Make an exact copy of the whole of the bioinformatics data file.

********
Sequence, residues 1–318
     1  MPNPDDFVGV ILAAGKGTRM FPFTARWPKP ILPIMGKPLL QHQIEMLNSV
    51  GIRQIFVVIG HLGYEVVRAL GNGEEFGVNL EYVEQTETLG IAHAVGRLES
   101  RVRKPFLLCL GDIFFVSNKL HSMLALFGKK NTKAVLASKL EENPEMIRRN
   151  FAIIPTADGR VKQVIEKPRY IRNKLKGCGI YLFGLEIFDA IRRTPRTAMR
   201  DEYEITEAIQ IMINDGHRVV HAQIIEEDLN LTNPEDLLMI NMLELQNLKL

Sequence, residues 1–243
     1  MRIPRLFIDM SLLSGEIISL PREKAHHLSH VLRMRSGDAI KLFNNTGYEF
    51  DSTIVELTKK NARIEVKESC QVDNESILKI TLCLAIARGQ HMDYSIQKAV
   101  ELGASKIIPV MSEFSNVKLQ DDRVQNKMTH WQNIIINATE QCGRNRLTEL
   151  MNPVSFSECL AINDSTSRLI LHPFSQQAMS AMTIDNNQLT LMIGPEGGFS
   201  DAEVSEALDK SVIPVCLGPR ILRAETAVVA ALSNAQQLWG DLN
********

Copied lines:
Sequence, residues 1–318
     1  MPNPDDFVGV ILAAGKGTRM FPFTARWPKP ILPIMGKPLL QHQIEMLNSV
    51  GIRQIFVVIG HLGYEVVRAL GNGEEFGVNL EYVEQTETLG IAHAVGRLES
   101  RVRKPFLLCL GDIFFVSNKL HSMLALFGKK NTKAVLASKL EENPEMIRRN
   151  FAIIPTADGR VKQVIEKPRY IRNKLKGCGI YLFGLEIFDA IRRTPRTAMR
   201  DEYEITEAIQ IMINDGHRVV HAQIIEEDLN LTNPEDLLMI NMLELQNLKL

Sequence, residues 1–243
     1  MRIPRLFIDM SLLSGEIISL PREKAHHLSH VLRMRSGDAI KLFNNTGYEF
    51  DSTIVELTKK NARIEVKESC QVDNESILKI TLCLAIARGQ HMDYSIQKAV
   101  ELGASKIIPV MSEFSNVKLQ DDRVQNKMTH WQNIIINATE QCGRNRLTEL
   151  MNPVSFSECL AINDSTSRLI LHPFSQQAMS AMTIDNNQLT LMIGPEGGFS
   201  DAEVSEALDK SVIPVCLGPR ILRAETAVVA ALSNAQQLWG DLN